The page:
Here, max charge current is limited by the solar panel size. Max voltage is limited by an LDO. And minimum voltage is regulated by LED dropout voltage. A fun little fact here is that the diode between LDO and battery has a voltage dropout that decreases with decreasing current, effectively enforcing a trickle charge from about 4.0 to 4.2V, which I think is pretty neat.
Solar panel voltage is regulated down to charge voltage by an LDO. The low dropout LDO is not the most efficient choice for maximal power consumption, but was chosen because it is efficient at very low current (which in poor lighting is the case) and it is cheaper and simpler than switching regulators. I don’t think there is much point in using a buck boost regulator as panels at low voltage rarely contain enough power to be worth boosting. Effectively this card will not charge well exposed to indoor lighting because panels simply won’t pick up much voltage (I’ve found it can sometimes go from 0 to 20% charged but never 80% to 100% charged indoors). Most panels do fine with cloudy weather, to my surprise, if sitting outside.
For other safety, a TVS diode helps handle ESD (although the diode is definitely optional, and keep an eye on leakage current). Also the PTC fuse, the Bourns MF-MSMF020-2 PTC RESET FUSE 30V 200MA 1812 as I chose, should handle a number of cases – reducing or stopping current flow in high heat and preventing overcurrent charge or discharge of the battery.
The potentiometers are surprisingly expensive. One could potentially remove them to save cost and have a fixed brightness LED. Less cool but probably equally practical. These here are hard to turn (screwdriver or excellent finger nails are recommended) and are near their max power rating, but nice giant knobs just don’t fit on a business card.
I spent a lot of time gleefully running through DigiKey’s LED catalog. I love finding highly power efficient selections. And there are lots of colors. But as I discovered, the most practical for flashlight purposes are those with a narrow viewing angle (I found some with 80 degree angles). What it does not work with are true RGB leds which would also require a microcontroller, here there are three static colors that can be mixed in the analog manner. Feel free to comment if you need LED chip suggestions.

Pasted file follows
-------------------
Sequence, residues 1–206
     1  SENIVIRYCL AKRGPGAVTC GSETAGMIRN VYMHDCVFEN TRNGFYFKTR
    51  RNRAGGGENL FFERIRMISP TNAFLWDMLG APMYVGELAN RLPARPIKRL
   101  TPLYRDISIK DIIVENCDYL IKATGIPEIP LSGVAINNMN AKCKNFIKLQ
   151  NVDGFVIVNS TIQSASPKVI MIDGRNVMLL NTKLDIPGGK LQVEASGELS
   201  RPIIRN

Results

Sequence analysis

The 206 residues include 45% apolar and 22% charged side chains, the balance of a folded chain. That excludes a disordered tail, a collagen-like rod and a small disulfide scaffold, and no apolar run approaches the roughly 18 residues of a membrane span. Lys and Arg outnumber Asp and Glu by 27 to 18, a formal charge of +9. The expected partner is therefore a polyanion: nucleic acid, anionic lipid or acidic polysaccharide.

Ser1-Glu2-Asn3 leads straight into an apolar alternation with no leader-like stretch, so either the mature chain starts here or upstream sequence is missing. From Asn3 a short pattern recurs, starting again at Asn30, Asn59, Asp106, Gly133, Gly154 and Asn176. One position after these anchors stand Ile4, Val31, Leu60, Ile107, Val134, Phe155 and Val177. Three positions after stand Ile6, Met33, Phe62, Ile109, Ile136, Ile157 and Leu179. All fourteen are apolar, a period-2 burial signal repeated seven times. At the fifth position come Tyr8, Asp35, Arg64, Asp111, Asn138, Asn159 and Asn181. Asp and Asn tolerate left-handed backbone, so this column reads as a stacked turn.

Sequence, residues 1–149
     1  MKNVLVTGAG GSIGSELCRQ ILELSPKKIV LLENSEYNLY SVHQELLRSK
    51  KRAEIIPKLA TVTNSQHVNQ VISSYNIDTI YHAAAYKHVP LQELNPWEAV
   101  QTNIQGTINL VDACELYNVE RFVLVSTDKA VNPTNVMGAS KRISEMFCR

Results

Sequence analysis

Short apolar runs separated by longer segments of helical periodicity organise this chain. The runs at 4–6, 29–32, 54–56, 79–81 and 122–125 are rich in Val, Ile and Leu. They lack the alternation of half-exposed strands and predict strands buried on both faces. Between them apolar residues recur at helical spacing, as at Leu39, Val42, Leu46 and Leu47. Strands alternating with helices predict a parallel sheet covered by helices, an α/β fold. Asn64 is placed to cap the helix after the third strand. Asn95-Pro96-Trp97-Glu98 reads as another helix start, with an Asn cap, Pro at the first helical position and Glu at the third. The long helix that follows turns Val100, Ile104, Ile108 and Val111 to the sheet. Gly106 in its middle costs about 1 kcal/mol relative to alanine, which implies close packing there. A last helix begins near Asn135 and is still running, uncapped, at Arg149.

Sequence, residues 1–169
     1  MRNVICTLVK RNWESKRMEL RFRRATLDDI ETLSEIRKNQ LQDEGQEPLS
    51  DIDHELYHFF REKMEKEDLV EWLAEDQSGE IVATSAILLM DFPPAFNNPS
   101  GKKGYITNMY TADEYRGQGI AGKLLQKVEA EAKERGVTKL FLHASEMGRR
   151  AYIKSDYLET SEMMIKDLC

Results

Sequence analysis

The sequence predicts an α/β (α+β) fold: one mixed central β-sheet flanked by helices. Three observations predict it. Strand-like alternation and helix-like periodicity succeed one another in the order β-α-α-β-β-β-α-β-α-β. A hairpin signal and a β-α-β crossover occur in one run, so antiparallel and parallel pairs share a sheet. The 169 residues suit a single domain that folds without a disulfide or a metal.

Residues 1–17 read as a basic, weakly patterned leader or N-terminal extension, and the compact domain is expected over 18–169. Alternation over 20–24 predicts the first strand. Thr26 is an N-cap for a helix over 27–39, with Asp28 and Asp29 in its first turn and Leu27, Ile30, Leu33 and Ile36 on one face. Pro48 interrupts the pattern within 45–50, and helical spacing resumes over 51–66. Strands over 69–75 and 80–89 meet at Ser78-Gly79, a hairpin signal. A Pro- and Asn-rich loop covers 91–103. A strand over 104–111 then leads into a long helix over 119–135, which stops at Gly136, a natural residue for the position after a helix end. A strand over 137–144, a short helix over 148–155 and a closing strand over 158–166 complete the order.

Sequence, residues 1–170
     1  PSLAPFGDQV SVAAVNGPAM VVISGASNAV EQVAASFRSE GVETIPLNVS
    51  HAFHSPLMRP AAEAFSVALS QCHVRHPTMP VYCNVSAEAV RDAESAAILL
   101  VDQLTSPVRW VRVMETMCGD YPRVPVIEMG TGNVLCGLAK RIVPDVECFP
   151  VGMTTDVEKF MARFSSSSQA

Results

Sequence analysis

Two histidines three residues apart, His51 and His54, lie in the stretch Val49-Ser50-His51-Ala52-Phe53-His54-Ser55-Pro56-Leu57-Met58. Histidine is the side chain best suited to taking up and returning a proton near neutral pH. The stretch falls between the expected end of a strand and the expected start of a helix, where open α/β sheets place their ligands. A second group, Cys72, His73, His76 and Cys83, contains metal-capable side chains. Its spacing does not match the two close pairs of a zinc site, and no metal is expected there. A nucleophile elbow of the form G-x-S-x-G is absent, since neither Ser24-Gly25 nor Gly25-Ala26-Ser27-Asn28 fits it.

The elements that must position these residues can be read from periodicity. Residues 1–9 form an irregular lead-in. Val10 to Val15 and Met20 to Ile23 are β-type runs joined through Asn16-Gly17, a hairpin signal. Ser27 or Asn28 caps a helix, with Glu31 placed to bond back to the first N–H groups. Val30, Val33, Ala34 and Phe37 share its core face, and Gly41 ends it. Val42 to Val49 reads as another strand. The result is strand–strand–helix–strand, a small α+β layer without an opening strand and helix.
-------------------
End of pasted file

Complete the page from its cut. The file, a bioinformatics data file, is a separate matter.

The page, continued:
LEDs were mostly just fun to experiment with, but solar panels were a more critical component to make decisions on. I had originally planned to use the Voltaic Systems 0.3W panels but I found they reacted very poorly to being hot air soldered. I fell back on the even more expensive Any Solar SM141K10LV Monocrystalline Solar Cell 307 mW 6.91 V which worked great. The main criteria for the panel is that it needs to fit on the darn card in a moderately elegant manner. So the much cheaper Aliexpress panel I got, the SUNYIMA 10PC 5.5V 50mA Solar Panel Polycrystalline 68*37MM, and which worked great for powering the card, failed in application because it just didn’t fit on the card. Something like it could probably fit with a redesign, or tolerance of a slightly larger than normal business card. Maybe a better online detective could find a cheap panel that also fits on the regular sized card. Adjust the soldering pads on the board if you have a panel with different back pads.
The exact panel voltage isn’t particularly important but the LDO has a max power dispersion, the one used here should be fine up to almost 12V with a bit of power. Most panels “open circuit voltage” only needs to be tolerated briefly as the actual load voltage (usually listed as Max PMP or something) is lower. It’s a tradeoff. A higher voltage panel would be better at charging in lower light, generally, but will waste more power to the LDO when in full sun. Most panels listed as ~6V should be a safe bet. Maybe in the 5 – 9V listed range, *waves hand vaguely.
I performed a side by side test of a number of panels, as seen in the photo here. Two tests, full sun, one with smoke in the air from wildfires. A tiny panel worked but was too slow to be practical. The bigger the panel, the faster the charge. That correlation was the only obvious conclusion. I also had an “amorphous” panel like is traditional on solar calculators. I was disappointed by its performance. From what I’ve read, monocrystalline panels are the most efficient, while the more common polycrystalline panels are almost as good and cheaper.
Overall, this was a fun little project, and has definitely generated more interest than any other business card would have. Details are on GitHub, feel free to make a version for yourself!